The movie doesn’t make me think less of Phoenix. It does show a certain fearlessness and self awareness that’s respectable, and a facet of him as an actor that I definitely haven’t seen before. But it’s not a very good movie. I can’t in good conscience recommend it to anybody. But I guess if I did recommend it and they hated it I could pretend that I meant the Bob Dylan one with Heath Ledger, that’s supposed to be good.


This entry was posted on Tuesday, November 23rd, 2010 at 2:55 am and is filed under Comedy/Laffs, Reviews. You can follow any responses to this entry through the RSS 2.0 feed. You can skip to the end and leave a response. Pinging is currently not allowed.

57 Responses to “I’m Still Here”

  1. The Onion AV Club review strongly suggested that this movie is a fake, like an Andy Kaufman practical joke or something, but not a funny one.

  2. Talking about weird late night appereances, I’m surprised that Harrison Ford’s on CONAN last week didn’t become a worldwide gossip phenomenon. (No, I’m NOT complaining. Just surprised!)

  3. DocZ, i think an even bigger suggestion that it was a fake was when both casey affleck and joaquin phoenix said it was a fake. i’m actually about to watch this movie right now. despite the fact that almost every review i read was negative (in fact, vern’s is one of the most positive, though i think i did read one, and only one, review that would qualify as a “thumbs up”), i nonetheless have i strong feeling that i will like it, or at least find enough to appreciate about it to be glad i watched it. even the negative reviews made it sound like something i would like. will get back to y’all on that issue though…

  4. I think it’s worth watching as a curiosity piece. I agree with Vern that it’s amusing/baffling in places, not laugh out loud, but amusing. But the weirdest thing about it is that it’s pretty much pointless, it’s not an amazing cinematic piece, so it’s weird that Phoenix spent 2 years of his life with that beard and acting weird in public. It’s incredibly committed and his performance is great, but it all seems like it’s ultimately for nothing. It’s not funny enough or deep enough, and sometimes I feel like Phoenix’s confused self exploration/expression with his hip hop songs is standing in for his confused self exploration/expression with this film.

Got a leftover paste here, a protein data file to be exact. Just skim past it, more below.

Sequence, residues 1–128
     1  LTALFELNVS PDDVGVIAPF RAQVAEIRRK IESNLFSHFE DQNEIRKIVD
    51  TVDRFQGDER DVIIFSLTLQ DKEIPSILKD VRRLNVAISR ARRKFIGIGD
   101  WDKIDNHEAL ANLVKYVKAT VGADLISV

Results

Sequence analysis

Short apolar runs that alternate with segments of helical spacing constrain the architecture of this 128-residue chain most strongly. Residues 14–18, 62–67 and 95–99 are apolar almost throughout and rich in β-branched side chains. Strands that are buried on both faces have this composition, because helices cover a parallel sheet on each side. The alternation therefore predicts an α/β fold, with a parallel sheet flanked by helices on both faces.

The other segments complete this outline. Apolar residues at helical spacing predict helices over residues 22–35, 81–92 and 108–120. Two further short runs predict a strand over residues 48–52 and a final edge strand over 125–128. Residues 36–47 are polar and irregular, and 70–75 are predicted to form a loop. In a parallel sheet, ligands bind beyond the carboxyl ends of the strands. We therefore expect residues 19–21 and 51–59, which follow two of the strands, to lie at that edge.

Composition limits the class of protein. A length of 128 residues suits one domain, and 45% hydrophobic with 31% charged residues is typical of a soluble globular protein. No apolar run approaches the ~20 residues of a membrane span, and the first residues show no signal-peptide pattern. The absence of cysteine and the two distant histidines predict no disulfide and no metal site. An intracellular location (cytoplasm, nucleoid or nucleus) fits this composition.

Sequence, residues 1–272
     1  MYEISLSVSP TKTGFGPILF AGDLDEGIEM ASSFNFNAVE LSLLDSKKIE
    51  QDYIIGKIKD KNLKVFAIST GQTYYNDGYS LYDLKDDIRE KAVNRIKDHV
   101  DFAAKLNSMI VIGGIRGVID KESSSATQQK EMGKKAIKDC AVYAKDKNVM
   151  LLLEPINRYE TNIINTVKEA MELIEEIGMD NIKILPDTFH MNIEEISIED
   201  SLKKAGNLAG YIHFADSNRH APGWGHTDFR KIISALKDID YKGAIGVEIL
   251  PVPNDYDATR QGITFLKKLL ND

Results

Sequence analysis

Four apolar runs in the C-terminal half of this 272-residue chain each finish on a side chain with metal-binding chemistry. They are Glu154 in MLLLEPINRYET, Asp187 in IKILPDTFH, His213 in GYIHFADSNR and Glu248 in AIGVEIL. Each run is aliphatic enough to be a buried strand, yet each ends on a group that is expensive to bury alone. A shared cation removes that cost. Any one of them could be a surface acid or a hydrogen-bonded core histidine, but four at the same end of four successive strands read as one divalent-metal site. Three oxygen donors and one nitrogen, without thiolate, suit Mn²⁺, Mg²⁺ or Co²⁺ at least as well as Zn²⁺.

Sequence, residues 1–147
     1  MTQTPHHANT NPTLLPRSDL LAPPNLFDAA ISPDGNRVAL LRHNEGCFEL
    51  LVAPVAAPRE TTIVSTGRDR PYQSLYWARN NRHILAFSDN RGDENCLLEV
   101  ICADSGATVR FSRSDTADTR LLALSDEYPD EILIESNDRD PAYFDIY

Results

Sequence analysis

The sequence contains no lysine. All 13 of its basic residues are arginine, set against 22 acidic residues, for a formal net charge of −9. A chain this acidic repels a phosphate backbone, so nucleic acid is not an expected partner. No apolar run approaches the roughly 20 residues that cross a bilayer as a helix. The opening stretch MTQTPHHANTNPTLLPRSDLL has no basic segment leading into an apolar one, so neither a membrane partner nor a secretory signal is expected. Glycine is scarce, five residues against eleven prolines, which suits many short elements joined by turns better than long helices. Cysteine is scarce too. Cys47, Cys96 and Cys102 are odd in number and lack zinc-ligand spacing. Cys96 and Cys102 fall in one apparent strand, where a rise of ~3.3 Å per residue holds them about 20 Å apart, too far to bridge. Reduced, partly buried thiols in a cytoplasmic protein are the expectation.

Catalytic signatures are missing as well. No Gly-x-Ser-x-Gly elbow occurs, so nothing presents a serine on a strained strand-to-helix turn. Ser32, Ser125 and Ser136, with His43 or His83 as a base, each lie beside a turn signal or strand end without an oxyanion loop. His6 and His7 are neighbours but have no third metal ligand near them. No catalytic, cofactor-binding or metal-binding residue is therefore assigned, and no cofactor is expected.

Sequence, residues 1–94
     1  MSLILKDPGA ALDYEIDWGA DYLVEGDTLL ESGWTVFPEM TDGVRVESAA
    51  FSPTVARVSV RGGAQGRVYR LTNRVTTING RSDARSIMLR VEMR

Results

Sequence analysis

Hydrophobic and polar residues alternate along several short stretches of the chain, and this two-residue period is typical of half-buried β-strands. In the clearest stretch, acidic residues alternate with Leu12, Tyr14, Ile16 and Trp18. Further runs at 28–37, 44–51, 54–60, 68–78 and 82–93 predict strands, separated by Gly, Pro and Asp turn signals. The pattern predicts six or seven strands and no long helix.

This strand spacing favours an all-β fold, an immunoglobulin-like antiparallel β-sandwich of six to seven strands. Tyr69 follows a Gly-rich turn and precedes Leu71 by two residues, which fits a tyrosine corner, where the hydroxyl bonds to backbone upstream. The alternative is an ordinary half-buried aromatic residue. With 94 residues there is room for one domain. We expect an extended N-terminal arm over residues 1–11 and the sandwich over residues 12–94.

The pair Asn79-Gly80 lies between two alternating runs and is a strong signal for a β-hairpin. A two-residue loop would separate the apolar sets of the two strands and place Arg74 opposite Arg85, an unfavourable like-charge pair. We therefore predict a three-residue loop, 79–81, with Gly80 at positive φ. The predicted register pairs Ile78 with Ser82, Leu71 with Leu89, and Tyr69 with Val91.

5. hey CJ Holden, I found Ford’s appearance on Conan hilarious too

  6. Somebody with far more time than me should write an entire monologue out of nothing but movie titles, something like Vern hints at:

    (melodramatic sobbing)
    I’m still here, I’m not there. Let me in, never let me go.

    (haughty coldness)
    I spit on your grave. Y tu mama tambien. An Inconvenient Truth? Today you die. There will be blood. This Ain’t Avatar.

    (sobering up)
    Be cool, law abiding citizen. Bring me the head of Alfredo Garcia

    etc., etc.

  7. BR Baraka – thanks for the best laugh I’ve had since I watched a few episodes of Panty and Stocking With Garterbelt

  8. Griff: keep it going, add a dialog, or someone else

  9. I don’t have much interest in seeing this, but I am kinda curious as to what people think about the actual film making. I’m not a fan, per se, of the mockumentary style, but I’d like to know if Affleck’s film is considered well-crafted, and what that would even mean in this context. Is it convincing as a fake documentary, and is that a good thing? Is it well shot and edited, and does that add to or detract from the premise? Etc etc. I’d be curious to hear what anyone has to say on that element of the film.